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So you're thinking of getting a mouse. Congradulations! Mice are wonderful intelligent pets that can be great companions when you invest the time. This thread is dedicated to mice though you're welcome to talk about other small pets as well.
I'm an Registered Veterinary Technician (RVT) working in animal research. I've owned pet mice for almost a decade (currently don't have any) and work with them in a vetrinary capacity daily. I'm happy to answer any questions about mouse health, behavior and general care.

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4. Do not quote entire posts from the front page. Feel free to quote lines or sections though. We just don't want any quote towers taking up whole pages.
5. I may add more as things come up so keep an eye out here.

EDIT: The general layout of this thread was inspired/taken from the Feathered Friends Thread. Credit for that layout goes to Grey Eyed Gypsy.
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HOUSING GUIDELINES
Mice are intelligent acrobatic little animals who can be masters of escape. A general rule of thumb being that if they can fit their head through a hole the rest of the body will follow. Many cages marketed for mice really are inadequate either in bar spacing, ventilation or floor space.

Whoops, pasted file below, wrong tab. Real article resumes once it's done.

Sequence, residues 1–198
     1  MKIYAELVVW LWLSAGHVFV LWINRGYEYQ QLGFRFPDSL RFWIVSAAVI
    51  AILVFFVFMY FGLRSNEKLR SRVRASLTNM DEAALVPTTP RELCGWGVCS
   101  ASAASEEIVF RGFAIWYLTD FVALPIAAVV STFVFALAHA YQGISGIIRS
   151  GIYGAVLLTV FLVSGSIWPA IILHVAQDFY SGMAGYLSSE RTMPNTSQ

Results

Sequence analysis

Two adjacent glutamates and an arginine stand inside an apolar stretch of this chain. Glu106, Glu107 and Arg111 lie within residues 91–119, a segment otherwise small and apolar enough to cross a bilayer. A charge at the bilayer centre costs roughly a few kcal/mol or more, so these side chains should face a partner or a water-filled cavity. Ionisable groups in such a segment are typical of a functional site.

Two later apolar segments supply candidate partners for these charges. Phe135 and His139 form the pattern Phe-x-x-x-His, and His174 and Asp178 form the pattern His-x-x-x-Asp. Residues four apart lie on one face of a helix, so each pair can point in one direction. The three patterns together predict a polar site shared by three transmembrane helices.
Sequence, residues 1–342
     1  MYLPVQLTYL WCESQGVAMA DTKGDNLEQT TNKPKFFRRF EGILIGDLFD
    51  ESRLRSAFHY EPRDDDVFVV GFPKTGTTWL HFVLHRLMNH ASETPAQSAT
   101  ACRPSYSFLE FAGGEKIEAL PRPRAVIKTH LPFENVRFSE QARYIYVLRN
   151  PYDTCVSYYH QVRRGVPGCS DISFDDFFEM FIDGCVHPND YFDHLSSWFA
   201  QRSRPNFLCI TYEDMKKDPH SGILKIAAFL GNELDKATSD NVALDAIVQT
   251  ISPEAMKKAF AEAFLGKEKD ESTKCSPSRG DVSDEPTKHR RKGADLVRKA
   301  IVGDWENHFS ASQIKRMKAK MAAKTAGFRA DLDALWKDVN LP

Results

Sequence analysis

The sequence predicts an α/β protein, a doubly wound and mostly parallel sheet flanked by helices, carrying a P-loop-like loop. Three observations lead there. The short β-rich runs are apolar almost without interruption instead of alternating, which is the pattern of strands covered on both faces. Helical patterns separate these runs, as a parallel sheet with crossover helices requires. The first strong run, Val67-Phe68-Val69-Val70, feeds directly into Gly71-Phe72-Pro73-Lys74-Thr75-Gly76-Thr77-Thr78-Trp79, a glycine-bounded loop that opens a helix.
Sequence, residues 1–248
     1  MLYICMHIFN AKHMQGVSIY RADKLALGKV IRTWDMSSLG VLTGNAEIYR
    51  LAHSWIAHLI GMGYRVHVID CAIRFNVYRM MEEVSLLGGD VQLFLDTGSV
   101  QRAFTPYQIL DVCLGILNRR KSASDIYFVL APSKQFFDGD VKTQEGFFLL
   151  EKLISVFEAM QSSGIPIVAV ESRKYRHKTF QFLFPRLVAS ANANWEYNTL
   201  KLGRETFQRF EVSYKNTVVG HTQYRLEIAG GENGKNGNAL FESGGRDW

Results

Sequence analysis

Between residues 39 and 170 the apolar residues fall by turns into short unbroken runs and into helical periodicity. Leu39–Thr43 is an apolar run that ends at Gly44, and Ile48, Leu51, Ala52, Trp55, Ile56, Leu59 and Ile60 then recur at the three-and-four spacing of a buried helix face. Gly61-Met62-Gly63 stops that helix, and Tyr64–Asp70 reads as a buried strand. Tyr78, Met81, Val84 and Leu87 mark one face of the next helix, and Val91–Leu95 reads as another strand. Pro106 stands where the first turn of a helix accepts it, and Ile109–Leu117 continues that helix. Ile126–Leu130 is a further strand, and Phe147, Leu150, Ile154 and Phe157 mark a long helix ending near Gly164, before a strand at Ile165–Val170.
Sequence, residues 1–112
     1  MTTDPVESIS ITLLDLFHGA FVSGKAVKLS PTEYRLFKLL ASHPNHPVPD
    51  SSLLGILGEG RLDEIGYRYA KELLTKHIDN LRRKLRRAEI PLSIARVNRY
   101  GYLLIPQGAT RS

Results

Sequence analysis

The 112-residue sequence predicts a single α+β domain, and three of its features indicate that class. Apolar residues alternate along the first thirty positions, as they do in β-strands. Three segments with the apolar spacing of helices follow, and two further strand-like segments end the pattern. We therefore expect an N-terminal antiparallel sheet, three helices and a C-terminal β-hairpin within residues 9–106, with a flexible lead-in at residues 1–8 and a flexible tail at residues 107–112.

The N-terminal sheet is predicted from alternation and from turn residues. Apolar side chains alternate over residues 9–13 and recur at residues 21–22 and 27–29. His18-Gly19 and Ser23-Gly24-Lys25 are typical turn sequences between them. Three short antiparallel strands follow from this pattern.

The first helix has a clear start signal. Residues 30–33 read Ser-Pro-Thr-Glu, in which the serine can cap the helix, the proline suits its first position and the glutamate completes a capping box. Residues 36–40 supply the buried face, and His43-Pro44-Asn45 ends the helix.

Cages:
Mice need a maximum bar spacing of 1/4 inch any larger and they will escape. Unlike rats mice do well in aquariums with securely latched screen tops, so long as they are cleaned weekly.
Cages like This and This either have too large of bar spacing or have easily bent bars which will allow a mouse to escape.
Cages like This and This do not provide the ventilation needed for mice, and really don’t for hamsters either.
Cages like This and This do not provide enough floor space. Mice live in a horizontal world. Yes, they climb and tunnel, but they need floor space in which to build their nests, hide their food and interact with each other* more on this later.

So on to good housing.
Before going much farther here is a handy Mouse Cage Calculator http://www.thefunmouse.com/info/cagecalculator.cfm ,and incidentally an excellent site for all things mouse. With this you can figure out how many mice you can safely fit in your cage. Keep in mind that it gives the maximum number and sometimes this is going to be too many anyways.